TI: Yeah.

PK: Surprisingly or not so surprisingly, America has been a very appreciative country for The Church. In this country, obviously, the people that like us just love us. The media here, they've got free magazines now. Before that, you had to buy these magazines, and a lot of them were kind of against us because Steve started out by saying he thought we were the best band in Australia.

TI: Right...

PK: There's a kind of parochial attitude here with a lot of the Australian bands, I don't know if you've heard about them, like Cold Chisel and John Farnham, those kind of bands?

TI: I don't know those two.

PK: Yeah, well they're huge here, right? The Australians thought they were really good bands and they never did anything overseas, and they used to try and ignore us. So we actually have a lot better appreciation outside the country, as far as like numbers anyway. The people in this country that like us are fanatical about us, obviously, but they're surprised how successful we are overseas. Everybody is.

TI: Is that something that you can attribute to a musical style issue, or is it something you have no clue as to how it ever came about? For instance, I've heard that in Europe, you guys have had a lot of trouble making any inroads in England, but that Spain and Italy are really good to you.

PK: Well the funny thing is in London, we have the most fanatical audiences of anywhere in the world.

TI: Oh?

PK: Yeah. It's a very strange phenomenon. We never toured Holland for ten years, because they didn't think we'd be popular there. And when we finally did, we just sold it out every time. It's an incredible story. The Church is an incredible story of embarrassment for promoters and record companies. We were signed to Warner Brothers (in the US) and they didn't really know how to handle it. They tried to promote an album that was basically two EPs put together (Remote Luxury), and then we were dropped from our Australian record company (EMI) after Heyday, and then Arista records had a gold record with us. Then Australia got probably a bit embarrassed, but EMI's got a reputation for being embarrassed with a nickname of Every Mistake Imaginable.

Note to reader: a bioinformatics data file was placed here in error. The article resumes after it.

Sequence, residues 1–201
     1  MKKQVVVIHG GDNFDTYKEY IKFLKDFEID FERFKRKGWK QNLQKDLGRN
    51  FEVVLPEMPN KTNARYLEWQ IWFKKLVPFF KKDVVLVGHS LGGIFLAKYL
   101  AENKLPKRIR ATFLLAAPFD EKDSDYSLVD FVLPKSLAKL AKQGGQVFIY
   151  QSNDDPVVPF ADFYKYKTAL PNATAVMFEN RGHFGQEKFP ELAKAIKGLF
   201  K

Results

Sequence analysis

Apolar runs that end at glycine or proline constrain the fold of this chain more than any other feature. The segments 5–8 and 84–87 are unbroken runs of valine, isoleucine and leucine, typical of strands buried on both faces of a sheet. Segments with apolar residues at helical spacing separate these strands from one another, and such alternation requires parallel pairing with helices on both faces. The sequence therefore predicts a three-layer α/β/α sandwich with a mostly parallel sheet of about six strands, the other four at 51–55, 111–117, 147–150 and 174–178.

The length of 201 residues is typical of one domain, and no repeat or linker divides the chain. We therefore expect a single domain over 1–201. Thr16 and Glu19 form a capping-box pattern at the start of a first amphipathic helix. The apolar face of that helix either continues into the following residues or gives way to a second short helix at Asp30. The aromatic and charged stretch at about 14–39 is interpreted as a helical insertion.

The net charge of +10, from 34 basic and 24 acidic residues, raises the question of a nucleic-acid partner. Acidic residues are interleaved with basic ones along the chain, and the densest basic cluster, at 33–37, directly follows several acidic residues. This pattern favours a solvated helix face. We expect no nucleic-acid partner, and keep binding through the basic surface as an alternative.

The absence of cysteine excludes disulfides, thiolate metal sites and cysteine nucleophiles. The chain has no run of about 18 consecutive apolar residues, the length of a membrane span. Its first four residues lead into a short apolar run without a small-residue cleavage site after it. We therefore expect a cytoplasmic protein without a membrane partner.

TI: (laughs) I've actually heard that. That's actually on the web page. They've got links to other things that might be somewhat vaguely Church-related, and there's a link to the EMI page. It says that you can see if you think that EMI stands for Every Mistake Imaginable.

PK: Yeah, well they're still putting out our CDs now.

TI: So if this is all older material, what are you doing currently and should we be looking for any sort of tour or anything of that nature?

PK: Well, I've kind of almost retired, really. I've got other material that I've been doing. I almost put out another single a little while ago. That was the other idea. With this album, I had a lot of faith in it and I thought there's no point putting it out if it can't sort of get a lot of exposure in some way. I thought at the time, three years ago when it was finished, it wasn't the right time to release it anyway, because music had gone into kind of a modern noisy phase. Whereas now, I think that the material is kind of like, not very current, if you know what I mean. But it doesn't seem old fashioned at all.

TI: To be more in a kind of traditional rock band?

PK: Yeah, I suppose. To have melody, you know? (laughs)

TI: And what is on the horizon, what are you doing right now?

PK: Well, I actually just recorded five tracks for The Church.

TI: Oh! Well that's a bit of a bombshell, can I say that right away?

PK: Well, I don't know if they're all going to be on the next album. There's some confusion about that at this stage. But certainly, one of them is a twelve-minute epic and it's Steve's favorite song on the record.

TI: Is it like in the Life Speeds Up kind of vein?

PK: No, no, no, it's kind more like an ambient epic.

TI: Something kind of like Chaos, maybe?

PK: No. Completely different. It's twelve minutes long and it's just kind of strange. Steve was playing guitar and I was playing guitar, and we just double tracked as we went along, and the song just was kind of made up. It's kind of like a musical version of a Monet painting, because it's all kind of like bits that you listen to and you're not really sure that it means anything separately, each thing. It's a composite. It's kind of like... for me, I maybe use the water analogies too much, obviously with From The Well and Water Rites now... for me, it's kind of like a buoyant pool of music without any real, um, structure.